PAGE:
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    Cape town is full of historical buidlings that are worth a view and great for pictures. The building on the photo is the library. Just accross from the square is the world famous castle of Good Hope. Inside the castle you'll find examples of beautiful antique furniture. You can also look and feel the dungeons where prisonors were kept. It's horrible cold and dark. You can take a guided tour at the castle and get all the info on Jan van Riebeeck , the Van der Stell's, lady Anne Barnard and everybody that was involved in the beginning years of the Cape.

    There are also numerous historical church buildings. Take a drive through the city area on a Sunday or Saturday afternoon to visit all these buildings. During normal business hours the streets are very busy and parking is a problem.

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    Great museum and good wet weather option!

    by CatherineReichardt Updated Feb 1, 2012

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    The Cape Town museum is located at the end of the Corporation Gardens just next to Parliament, and is a great natural history museum that doesn't seem to get the credit that it deserves.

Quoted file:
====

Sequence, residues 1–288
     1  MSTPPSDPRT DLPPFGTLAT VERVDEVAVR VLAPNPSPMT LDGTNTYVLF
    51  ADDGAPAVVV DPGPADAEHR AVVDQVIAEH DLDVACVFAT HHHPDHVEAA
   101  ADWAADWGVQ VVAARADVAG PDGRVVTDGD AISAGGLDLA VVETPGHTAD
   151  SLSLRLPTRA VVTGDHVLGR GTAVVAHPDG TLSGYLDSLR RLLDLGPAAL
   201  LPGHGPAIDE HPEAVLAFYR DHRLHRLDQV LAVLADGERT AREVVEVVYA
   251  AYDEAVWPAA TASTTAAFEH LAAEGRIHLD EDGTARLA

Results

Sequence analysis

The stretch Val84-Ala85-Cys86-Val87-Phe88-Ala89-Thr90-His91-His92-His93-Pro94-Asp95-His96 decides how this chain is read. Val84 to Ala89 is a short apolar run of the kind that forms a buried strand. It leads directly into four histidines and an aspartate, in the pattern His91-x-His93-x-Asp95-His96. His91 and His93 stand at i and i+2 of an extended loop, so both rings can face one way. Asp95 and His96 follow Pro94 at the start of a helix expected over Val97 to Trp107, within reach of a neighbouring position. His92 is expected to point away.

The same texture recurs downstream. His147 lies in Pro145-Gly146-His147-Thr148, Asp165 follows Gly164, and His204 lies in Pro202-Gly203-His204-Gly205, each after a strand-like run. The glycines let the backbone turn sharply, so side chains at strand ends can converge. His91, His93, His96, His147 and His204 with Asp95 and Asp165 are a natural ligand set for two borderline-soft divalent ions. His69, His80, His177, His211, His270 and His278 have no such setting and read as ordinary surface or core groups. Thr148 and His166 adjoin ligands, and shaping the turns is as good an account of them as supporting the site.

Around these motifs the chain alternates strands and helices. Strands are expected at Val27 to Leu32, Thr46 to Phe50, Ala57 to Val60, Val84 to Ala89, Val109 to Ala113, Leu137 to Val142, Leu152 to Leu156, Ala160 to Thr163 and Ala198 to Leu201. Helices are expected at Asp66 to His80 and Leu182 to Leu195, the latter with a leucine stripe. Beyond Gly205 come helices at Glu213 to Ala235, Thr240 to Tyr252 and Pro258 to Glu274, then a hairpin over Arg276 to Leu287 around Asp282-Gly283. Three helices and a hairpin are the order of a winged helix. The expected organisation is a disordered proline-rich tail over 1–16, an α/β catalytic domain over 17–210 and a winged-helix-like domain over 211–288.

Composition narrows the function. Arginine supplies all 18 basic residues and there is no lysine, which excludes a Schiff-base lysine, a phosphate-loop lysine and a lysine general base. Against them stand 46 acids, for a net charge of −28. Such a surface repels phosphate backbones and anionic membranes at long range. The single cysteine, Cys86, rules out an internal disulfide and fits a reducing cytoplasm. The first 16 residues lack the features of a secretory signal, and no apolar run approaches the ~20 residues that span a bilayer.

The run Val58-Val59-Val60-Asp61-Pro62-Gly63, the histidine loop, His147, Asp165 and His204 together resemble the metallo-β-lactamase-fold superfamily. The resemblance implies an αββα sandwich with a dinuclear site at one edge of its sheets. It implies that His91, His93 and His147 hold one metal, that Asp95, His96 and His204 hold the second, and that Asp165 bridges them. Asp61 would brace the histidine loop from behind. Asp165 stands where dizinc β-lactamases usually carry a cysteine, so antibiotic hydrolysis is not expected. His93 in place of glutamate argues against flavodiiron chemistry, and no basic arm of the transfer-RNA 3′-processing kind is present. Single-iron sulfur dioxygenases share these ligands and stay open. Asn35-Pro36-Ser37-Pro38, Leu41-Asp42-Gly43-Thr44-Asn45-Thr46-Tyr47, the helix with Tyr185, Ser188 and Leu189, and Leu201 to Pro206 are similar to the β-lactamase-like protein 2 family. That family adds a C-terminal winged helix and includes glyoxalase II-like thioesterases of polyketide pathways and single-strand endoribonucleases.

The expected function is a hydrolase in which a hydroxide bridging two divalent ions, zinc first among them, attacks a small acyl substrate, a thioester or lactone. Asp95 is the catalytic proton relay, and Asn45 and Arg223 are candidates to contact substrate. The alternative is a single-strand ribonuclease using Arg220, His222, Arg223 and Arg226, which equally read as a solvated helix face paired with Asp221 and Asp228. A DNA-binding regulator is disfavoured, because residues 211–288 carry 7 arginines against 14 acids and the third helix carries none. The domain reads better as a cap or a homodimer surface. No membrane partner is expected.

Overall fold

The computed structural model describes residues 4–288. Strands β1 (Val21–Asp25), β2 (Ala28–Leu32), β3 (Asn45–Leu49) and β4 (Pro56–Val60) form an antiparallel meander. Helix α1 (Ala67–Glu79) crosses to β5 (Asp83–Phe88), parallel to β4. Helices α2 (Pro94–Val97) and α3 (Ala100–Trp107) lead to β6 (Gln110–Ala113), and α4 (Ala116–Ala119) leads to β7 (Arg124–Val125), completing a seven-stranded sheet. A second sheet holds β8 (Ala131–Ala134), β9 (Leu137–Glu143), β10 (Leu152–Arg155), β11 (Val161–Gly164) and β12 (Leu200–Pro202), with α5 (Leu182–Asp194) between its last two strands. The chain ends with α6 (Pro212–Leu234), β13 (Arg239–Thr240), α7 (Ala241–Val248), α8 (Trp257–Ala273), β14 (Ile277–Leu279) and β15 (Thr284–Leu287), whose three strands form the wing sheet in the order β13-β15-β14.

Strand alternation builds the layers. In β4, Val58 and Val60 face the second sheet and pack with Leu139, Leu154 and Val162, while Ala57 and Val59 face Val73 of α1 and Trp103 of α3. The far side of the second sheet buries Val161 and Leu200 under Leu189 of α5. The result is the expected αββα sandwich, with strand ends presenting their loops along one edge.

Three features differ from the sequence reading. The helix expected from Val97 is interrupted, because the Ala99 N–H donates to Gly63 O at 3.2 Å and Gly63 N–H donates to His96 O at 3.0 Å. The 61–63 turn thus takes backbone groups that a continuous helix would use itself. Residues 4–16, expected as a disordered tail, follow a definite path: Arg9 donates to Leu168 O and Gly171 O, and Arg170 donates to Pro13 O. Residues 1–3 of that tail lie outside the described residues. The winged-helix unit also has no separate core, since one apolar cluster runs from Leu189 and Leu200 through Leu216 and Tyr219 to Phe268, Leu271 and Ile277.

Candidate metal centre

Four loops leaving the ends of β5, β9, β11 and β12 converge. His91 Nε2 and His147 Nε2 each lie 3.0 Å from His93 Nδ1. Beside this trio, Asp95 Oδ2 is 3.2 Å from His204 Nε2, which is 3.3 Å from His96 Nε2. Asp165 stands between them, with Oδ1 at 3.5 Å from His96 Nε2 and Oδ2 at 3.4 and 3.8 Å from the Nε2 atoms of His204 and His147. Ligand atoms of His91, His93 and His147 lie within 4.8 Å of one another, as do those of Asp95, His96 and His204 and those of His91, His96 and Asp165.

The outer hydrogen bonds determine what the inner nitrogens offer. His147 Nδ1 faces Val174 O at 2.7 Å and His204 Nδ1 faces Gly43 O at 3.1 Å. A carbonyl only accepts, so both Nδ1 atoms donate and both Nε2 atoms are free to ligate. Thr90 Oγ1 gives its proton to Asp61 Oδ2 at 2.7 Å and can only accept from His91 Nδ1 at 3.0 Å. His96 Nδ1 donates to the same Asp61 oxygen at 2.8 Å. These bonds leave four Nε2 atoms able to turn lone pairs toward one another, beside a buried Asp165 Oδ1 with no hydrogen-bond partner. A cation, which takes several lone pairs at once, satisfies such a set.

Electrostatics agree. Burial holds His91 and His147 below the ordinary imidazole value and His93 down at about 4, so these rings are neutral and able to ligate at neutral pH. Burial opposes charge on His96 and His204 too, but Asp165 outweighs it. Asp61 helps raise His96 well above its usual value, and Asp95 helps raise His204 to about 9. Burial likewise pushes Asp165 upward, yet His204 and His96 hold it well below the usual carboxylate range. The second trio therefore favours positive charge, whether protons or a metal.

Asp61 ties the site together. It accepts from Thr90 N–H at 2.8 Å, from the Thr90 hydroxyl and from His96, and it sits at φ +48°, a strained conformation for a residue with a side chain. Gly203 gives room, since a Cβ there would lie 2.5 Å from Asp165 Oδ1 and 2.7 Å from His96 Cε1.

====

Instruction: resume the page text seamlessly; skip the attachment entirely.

The building has an attractive historic exterior and the interior space is well planned, with professionally presented temporary and permanent exhibits. I particularly like the marine mammals exhibit - complete with obligatory whale song in the background. These species are obviously not represented in the Two Oceans aquarium, and hopefully will prepare you for what you are lucky enough to see in real life as you tour the coastline!

    There is also a small section on South Africa's dinosaur and mammal-like reptile heritage (see my tip on the James Kitching museum in Johannesburg for more on these weird beasties). I always enjoy the fun set of dinosaur footprints on the floor where kids are encouraged to literally 'walk with (or was that 'like'?) dinosaurs' - simple yet so effective, and can keep them busy for ages!

    As ever in Cape Town, it is a smart idea to have a 'fall back' option for when the weather turns nasty, and this is ideal for children and adults alike.

    The Company Gardens are a pleasant spot, and it's worth lingering there for a few minutes to people watch - I speak under correction, but I have never heard of any security problems (bar the odd pickpocket) during daylight hours. The first section of the path from the CBD is lined with oak trees that are populated by a very friendly squirrel population, and it's fun for kids to feed them with peanuts - either bring your own or buy from the hawkers there.

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    Victoria and Alfred Waterfront, Cape Town